Some words of caution from :
Lawmakers on both sides of the aisle have now called for the U.S. to ban individuals traveling from the countries impacted by the Ebola outbreak from coming into the U.S. if they are not American citizens.
But Fauci said that such a ban could just be "counterproductive."
"[W]hen people come in from a country it's much easier to track them if you know where they're coming from," he said about a travel ban on ABC's "This Week." "But what you do if you then completely ban travel there's the feasibility of going to other countries where we don't have a travel ban and have people come in."
Instead Dr. Fauci advocates this:
More U.S. hospitals need personnel prepared to handle and treat Ebola patients, the Director of the National Institute of Allergy and Infectious Diseases told NBC News. In an interview with NBC's "Meet the Press," Dr. Anthony Fauci said that pre-training is vital - and the four major biocontainment units in the U.S. are not enough.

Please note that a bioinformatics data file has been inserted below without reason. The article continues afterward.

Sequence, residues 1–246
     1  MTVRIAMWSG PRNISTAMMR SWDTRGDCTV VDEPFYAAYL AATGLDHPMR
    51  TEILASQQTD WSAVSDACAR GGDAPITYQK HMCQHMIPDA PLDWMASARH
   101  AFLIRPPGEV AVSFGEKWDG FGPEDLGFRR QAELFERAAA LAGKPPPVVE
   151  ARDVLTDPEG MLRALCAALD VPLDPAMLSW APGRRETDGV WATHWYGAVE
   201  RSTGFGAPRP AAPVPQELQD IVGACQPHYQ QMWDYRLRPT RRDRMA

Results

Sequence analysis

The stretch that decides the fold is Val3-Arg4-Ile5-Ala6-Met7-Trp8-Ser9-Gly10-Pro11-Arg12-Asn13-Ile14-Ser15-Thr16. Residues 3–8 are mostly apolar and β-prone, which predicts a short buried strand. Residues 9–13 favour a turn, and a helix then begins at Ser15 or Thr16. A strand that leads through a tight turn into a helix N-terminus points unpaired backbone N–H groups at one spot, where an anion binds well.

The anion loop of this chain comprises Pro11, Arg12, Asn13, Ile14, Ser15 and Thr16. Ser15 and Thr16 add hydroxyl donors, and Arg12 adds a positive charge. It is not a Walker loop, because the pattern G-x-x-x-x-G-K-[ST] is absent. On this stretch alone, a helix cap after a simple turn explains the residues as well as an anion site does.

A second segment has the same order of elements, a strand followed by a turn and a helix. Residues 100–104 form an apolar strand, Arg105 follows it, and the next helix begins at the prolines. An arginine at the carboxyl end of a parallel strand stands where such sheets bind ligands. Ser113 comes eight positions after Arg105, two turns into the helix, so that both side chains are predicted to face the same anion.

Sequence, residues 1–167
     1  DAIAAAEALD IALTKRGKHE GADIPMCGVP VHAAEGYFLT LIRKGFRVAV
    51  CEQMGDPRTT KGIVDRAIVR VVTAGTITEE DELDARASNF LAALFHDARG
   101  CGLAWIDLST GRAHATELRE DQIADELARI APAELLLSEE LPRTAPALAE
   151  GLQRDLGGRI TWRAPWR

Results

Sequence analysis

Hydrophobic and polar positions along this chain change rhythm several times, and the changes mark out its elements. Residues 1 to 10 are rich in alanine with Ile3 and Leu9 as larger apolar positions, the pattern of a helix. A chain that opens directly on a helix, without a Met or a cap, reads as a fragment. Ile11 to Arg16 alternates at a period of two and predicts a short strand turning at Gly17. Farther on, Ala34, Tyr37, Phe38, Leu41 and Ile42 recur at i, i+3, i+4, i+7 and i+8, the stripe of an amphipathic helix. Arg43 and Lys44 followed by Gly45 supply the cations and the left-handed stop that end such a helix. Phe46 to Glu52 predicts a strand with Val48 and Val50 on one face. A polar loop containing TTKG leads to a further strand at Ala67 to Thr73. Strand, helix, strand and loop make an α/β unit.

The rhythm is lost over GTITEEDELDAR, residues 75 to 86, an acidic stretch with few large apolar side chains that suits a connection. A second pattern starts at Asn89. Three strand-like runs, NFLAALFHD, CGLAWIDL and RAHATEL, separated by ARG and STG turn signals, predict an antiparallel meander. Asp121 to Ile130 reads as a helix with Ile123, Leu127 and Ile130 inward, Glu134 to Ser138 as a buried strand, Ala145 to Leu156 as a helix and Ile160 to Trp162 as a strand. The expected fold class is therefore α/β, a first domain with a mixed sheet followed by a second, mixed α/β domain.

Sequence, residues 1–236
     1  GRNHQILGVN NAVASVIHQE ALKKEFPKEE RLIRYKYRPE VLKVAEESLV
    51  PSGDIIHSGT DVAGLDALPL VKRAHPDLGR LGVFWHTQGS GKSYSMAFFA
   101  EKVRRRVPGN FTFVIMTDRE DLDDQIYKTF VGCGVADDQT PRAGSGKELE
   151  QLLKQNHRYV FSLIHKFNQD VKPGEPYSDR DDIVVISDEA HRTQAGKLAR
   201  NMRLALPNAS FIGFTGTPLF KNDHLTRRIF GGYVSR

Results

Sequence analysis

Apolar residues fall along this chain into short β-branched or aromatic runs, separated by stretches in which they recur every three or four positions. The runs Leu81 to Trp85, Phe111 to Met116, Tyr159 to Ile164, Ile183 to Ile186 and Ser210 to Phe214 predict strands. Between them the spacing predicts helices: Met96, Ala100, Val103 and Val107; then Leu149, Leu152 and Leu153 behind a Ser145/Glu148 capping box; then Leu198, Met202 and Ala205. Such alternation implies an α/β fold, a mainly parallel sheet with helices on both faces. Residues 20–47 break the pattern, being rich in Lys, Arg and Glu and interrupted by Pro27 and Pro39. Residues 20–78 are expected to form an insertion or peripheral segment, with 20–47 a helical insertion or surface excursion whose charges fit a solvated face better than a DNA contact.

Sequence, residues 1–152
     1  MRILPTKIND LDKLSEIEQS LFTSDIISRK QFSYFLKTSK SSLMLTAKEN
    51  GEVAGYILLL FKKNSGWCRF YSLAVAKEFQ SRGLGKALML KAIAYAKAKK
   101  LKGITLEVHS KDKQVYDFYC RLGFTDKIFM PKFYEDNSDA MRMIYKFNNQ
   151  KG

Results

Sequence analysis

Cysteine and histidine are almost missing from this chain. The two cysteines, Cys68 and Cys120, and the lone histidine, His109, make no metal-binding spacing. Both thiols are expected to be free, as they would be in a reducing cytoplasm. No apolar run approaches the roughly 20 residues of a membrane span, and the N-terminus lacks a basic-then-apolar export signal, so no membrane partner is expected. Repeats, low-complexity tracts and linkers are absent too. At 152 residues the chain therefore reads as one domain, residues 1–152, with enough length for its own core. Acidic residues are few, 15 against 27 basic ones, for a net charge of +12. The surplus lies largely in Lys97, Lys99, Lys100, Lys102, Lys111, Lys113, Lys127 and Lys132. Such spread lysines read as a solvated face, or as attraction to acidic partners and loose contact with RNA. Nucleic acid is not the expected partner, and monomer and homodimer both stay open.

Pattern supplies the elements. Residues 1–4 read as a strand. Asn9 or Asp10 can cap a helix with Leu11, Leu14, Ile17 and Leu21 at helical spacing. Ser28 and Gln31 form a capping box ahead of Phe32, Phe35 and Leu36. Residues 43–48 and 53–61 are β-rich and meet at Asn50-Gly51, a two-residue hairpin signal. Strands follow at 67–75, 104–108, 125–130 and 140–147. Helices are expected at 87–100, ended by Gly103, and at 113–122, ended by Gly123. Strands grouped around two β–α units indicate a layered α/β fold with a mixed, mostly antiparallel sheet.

“We need to have more than just the four [units] in which you have people who are pre-trained, so that you don't come in, and then that's the first time you start thinking about it,” Fauci said. “It can't just be four. We may not even need any more, and we hope we don't.”
“But in case there are more cases, we want to make sure we have people who are pre-trained, pre-drilled over and over, and have the right protocol going.”
The four locations with biocontainment units specially equipped to handle infectious diseases are Emory University Hospital in Atlanta, Georgia, the NIH campus in Bethesda, Maryland, St. Patrick Hospital in Missoula, Montana and the Nebraska Medical Center in Omaha. With current staffing capabilities, the four units can handle a combined total of 11 patients.